Tips for Bladder Pain Relief

Dry Needling for IC

Another unsuccessful treatment I tried was dry needling.”  Dry needling is used for a variety of reasons, one being chronic pelvic floor dysfunction.  According to the Federation of State Boards of Physical Therapy (FSBPT), dry needling is “a skilled technique performed by a physical therapist using thin filiform [solid] needles to penetrate the skin and or underlying tissues to affect change in body structures and functions for the evaluation and management of neuromusculoskeletal conditions, pain, movement impairments and disability”. [Federation of State Boards of Physical Therapy, May 2015]

“Tiny needles are inserted into the skin to stimulate a twitch response in the heart of a trigger point [taut muscle], releasing it.  Although similar to acupuncture, dry needling focuses directly on trigger points rather than on the meridians, or energy fields, recognized by Chinese medicine.  Usually, each trigger point requires several treatments before it relaxes substantially.” [Washington Post, June 2013]

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“The needle may be advanced a number of times in the one area.  Often patients do not even feel the needle penetrate the skin.  Once the needle advances into the muscle, it may feel like a muscle cramp and there may be a “twitch response”.  This twitch response has a positive effect on symptoms and the tissue.  Patients may feel a referral of pain or similar symptoms for which they are seeking treatment.  This is affirmation of the location of the area being treated.  This results in deactivating the trigger point, reducing pain and restoring normal length and function of the involved muscle.  Some positive results will be apparent within 2-4 treatment sessions but can vary depending on the cause and duration of the symptoms.”   [pelvicphysiotherapy.com, Oct.2018]

I went to a physical therapist for approximately 6 weeks with little to no benefit.  When I first read about dry needling, I was encouraged because of the positive testimonials I read.  There were many stories of people with IC undergoing dry needling therapy and having great success with the reduction of their pain and frequency.  Unfortunately, that was not my story.  My physical therapist was very nice and supportive.  I was very surprised at where the needles were placed; that information is for another day. The placing of the needles took multiple tries.  When the therapist found the right spot, she and I both knew because I would jump.  The needle would hit a very tight muscle or tissue.  Once the needles were place she would apply electrical stimulation for a few minutes.

This was not my answer; however, I will not give up!  I will continue to research to find new and innovative (actually old and antiquated is fine too) ideas regarding the treatment of IC until I find the one that works for me.  I have people counting on me so I will push on.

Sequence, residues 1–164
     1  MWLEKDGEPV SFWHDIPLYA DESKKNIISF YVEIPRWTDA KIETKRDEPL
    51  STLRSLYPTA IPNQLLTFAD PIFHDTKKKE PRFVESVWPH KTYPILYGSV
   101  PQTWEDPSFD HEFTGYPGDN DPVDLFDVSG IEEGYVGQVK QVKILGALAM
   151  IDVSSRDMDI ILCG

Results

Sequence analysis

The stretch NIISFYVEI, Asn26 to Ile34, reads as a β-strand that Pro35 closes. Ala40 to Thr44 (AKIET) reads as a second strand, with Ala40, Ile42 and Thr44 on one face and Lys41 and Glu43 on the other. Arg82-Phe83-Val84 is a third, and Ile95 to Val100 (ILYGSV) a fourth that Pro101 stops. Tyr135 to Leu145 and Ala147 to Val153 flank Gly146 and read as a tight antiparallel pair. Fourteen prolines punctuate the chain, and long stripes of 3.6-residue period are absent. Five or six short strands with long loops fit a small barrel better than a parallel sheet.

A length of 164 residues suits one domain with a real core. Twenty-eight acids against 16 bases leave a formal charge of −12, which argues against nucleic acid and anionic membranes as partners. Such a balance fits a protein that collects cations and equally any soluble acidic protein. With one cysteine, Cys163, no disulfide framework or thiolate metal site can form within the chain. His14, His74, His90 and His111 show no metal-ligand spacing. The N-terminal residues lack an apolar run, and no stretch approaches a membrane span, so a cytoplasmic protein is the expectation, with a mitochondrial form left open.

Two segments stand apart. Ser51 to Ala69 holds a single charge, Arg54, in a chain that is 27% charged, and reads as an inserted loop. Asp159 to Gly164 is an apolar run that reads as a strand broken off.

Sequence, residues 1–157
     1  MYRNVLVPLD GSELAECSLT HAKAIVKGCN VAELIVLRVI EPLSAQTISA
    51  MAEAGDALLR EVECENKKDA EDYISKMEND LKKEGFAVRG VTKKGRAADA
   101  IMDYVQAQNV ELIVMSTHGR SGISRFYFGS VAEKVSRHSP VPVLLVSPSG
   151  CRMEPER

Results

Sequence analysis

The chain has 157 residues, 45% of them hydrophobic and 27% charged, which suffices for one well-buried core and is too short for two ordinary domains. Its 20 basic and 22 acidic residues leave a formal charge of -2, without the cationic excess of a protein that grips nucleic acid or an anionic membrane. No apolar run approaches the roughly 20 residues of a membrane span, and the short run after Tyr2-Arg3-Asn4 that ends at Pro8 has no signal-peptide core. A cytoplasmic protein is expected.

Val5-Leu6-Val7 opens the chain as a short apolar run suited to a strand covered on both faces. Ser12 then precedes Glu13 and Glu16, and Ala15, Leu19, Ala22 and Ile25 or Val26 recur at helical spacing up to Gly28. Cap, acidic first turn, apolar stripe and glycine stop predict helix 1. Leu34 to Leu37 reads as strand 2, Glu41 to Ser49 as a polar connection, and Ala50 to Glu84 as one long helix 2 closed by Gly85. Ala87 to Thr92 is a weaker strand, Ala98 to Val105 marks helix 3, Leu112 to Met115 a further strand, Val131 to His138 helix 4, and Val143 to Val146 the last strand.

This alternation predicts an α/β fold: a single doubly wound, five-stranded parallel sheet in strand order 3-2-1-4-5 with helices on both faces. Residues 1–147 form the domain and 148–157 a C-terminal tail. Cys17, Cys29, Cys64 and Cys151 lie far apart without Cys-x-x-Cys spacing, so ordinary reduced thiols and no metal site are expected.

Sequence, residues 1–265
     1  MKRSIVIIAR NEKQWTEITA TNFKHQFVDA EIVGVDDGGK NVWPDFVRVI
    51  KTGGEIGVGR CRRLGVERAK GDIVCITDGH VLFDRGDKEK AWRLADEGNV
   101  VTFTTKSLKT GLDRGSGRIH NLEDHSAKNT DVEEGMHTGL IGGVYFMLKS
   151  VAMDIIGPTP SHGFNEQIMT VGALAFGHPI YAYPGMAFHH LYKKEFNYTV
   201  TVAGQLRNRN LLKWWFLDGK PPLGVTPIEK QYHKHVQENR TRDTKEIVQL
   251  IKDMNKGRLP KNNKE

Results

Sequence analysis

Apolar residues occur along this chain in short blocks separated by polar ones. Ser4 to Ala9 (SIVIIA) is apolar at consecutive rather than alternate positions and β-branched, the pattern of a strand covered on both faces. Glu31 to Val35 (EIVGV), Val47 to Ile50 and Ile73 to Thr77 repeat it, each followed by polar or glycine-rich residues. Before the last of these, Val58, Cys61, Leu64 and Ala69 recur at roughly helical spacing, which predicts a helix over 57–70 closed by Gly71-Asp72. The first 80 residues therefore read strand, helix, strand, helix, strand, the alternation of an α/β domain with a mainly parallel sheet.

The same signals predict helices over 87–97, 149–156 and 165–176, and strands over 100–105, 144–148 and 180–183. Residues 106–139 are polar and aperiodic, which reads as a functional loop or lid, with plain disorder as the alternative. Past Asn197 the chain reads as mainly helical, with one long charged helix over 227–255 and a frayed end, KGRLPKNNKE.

17 comments

  1. I also gave several dry needling sessions a try with my physical therapist (this after years of acupuncture), and it didn’t give me any relief from my lower back pain. Sorry it didn’t work for your IC.

    Liked by 2 people

  2. folks think of alternative medicine as something experimental — but doctors also experiment when they say, “Let’s try this.” the difference is that insurance is more likely to cover traditional meds…

    Liked by 1 person

  3. I’ve just had ten days now of yet another IC episode. And I know it’s stress related! I’ve been to the doctor twice during this time, just to ask for help, for something, anything. No infection of course which I knew would be the case. Interestingly I have in the last month finally after five years come off Sertraline the anxiety/anti depressant. However, my anxiety has been triggered by a couple of things of late and usually the Sertraline seems to keep things under control. Now, with no ‘back-up’ it’s been through the roof. Hence my reasoning that this is stress related. So I’m now taking AZO to help with the pain, and some over the counter anti stress medication, plus ibuprofen to calm any inflammation and Xanax when things get completely out of control. Any suggestions, more than welcome! Katie

    Liked by 1 person

    1. Katie – Thanks for sharing. I completely understand what you are dealing with. I also had to take an anxiety medication because of this disease. There are a couple of things you can do to help with flareups. One, try placing an ice pack over your bladder area just under your stomach. Cold helps me. I know some people find heat better. Also, try putting 1/2 teaspoon of baking soda in a glass of water. These are 2 things that help me when I am in a flareup. One other suggestion would be to soak in a warm bathtub. Please let me know how you are doing. I will be thinking about you and saying prayers. Take care.

      Liked by 1 person

      1. You’re so kind. In truth I’ve not had such a bad one as this for a couple of years. I’ve slept through the night which was brilliant and although it’s just 5:50am now, I’m creeping around the house trying to fill hot water bottles and take more pain killers! If the dog wakes up then I’m for it! That means that everyone will be woken! Thanks so much for your help and advice. And you’re right, the hot bath helps for sure. Thank you … I don’t know anyone else who suffers this.

        Liked by 1 person

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